A Short List of Internet Security Tips
A helpful list a friend put together for the less digitally savvy to prevent identity theft and personal information linked online as well as a triage for the times you have already been doxxed. I’ve edited it a little bit for ease of reading and reference.
Before You Are Doxed
Preventing doxing is easier than coping with being doxed. It’s not a guarantee no one will come for you, but it makes you a tougher target.
- Two-factor authentication. Anything that has it, turn it on.
- Toughen passwords. Something like 1Password works for generating & storing hard-to-crack passwords, but there are a lot of other options out there.
- Be cautious in giving your personal information, particularly to online petitions and the like.
- Use different email addresses for different things. You should have a secret, financial-institution-only email account. You can also create separate usernames this with your regular account if you use gmail: e.g., email@example.com will create a unique email address for your Amazon login but send all communications to your gmail account.
- Facebook is where most doxers start. Most people have a lot of information there, and by combing through it, doxers sometimes guess answers to security questions for other online accounts. Do not leave your profile open to the public. Better yet, delete your account (but if you can’t, enable two-factor authentication).
- Be wary of free services. Anything that you get for free — like Gmail — is free because your personal information is being collected and sold. Remove as much unnecessary information as you can, and be wary of signing up for new services.
- Audit your personal information. Pipl and Spokeo, two creepy-as-shit services, will tell you what’s findable. You can opt-out of both but, of course, it’s a pain in the ass. Go here for Piple and here for Spokeo.
- Always carefully review your privacy settings. Share as little as possible.
- If you own a domain, purchase WhoIs protection.
- Be careful where you post your resume online. Places like Angel List make it readily available to the public – along with all the contact info you put on it.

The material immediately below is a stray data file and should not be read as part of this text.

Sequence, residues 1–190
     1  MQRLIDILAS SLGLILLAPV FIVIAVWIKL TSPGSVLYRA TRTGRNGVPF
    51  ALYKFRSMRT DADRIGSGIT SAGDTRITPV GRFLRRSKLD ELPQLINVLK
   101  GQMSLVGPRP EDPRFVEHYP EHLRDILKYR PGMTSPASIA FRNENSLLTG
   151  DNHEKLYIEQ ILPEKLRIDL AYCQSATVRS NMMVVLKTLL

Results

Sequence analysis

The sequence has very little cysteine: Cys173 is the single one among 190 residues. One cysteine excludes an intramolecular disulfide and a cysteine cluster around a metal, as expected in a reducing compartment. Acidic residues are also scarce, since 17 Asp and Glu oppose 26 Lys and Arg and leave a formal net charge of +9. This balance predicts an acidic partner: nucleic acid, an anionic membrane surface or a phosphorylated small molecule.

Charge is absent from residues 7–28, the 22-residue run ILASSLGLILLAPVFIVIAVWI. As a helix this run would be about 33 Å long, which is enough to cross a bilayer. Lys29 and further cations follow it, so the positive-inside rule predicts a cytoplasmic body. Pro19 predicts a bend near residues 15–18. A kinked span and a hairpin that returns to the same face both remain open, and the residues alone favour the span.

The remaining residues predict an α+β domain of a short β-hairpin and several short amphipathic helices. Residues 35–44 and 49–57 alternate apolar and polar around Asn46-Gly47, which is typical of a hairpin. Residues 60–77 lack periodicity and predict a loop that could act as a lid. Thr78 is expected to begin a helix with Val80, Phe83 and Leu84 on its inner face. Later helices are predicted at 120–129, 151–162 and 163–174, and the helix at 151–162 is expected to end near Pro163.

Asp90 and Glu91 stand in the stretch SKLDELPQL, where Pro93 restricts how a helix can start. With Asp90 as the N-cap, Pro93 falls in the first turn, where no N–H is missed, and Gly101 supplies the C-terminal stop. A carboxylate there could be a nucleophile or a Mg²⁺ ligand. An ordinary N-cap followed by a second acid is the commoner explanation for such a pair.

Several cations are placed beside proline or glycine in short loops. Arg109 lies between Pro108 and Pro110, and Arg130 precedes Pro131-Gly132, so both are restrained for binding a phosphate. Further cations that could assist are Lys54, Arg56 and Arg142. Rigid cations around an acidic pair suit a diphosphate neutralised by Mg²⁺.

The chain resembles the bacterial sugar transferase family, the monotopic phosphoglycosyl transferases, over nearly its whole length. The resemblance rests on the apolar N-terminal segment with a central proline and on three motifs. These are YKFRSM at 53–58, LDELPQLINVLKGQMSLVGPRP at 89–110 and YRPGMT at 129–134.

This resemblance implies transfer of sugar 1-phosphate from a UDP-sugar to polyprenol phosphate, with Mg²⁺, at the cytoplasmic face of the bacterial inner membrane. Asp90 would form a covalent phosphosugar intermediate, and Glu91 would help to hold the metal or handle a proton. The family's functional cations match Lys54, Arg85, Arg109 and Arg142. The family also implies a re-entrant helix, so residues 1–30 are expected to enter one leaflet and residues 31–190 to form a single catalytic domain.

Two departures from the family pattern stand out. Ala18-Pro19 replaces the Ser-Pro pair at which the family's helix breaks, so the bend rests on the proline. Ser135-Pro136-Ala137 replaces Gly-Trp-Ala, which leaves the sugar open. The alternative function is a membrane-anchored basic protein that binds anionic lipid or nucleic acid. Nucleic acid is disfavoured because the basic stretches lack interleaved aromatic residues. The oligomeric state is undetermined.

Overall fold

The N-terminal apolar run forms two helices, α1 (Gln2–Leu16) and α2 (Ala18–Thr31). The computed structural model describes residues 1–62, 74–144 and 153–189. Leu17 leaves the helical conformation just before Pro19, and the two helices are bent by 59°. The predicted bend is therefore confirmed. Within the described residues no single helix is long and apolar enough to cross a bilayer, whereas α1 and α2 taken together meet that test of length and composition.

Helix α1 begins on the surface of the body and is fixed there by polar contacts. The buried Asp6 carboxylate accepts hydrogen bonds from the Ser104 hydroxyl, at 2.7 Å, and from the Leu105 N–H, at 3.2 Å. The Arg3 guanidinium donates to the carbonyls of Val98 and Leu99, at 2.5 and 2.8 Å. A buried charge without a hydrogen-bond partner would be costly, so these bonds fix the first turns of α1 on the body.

After You are Doxed
This list was heavily inspired by Adria Richards.
- First call your local police department — NOT the emergency number. Explain to them that your personal information has been posted online and ask if there is some paperwork you can file to make sure the police call you before sending units to your house. This is crucial; a lot of hackers like to “Swat” their enemies — making a call to 911 that sends a Swat team to their house.
- Alert your financial institutions — banks, credit card companies, loan repayment, all of it. If your social security number was included in the doxing, that may be used to track you and compromise your financial information. Use cash. Sign up for fraud tracking.
- Contact your medical providers and ask for a “safe word” to be added to your file, to keep your information secure. (I’m don’t think this is common practice, but it’s worth an ask.)
- Get ahold of your cell phone provider and put a safe word on the account.
- Let friends and family know there may be people impersonating you on social networks for information.
- You may wish to stop using your laptop until you can be sure it’s not compromised.
- Talk to your landlord. Previous troll attacks have involved sending prostitutes and others to people’s apartments. See if there are any safety precautions you should take.
- Call your boss. Yes, they will come after your employer.
- Get support. Family, friends, a therapist, whatever you need. Take care of yourself. You don’t have to be quiet about what’s happening to you. Tell the people around you what you need.
Please recognize this is not a definitive, complete list but I think it’s a good place to start.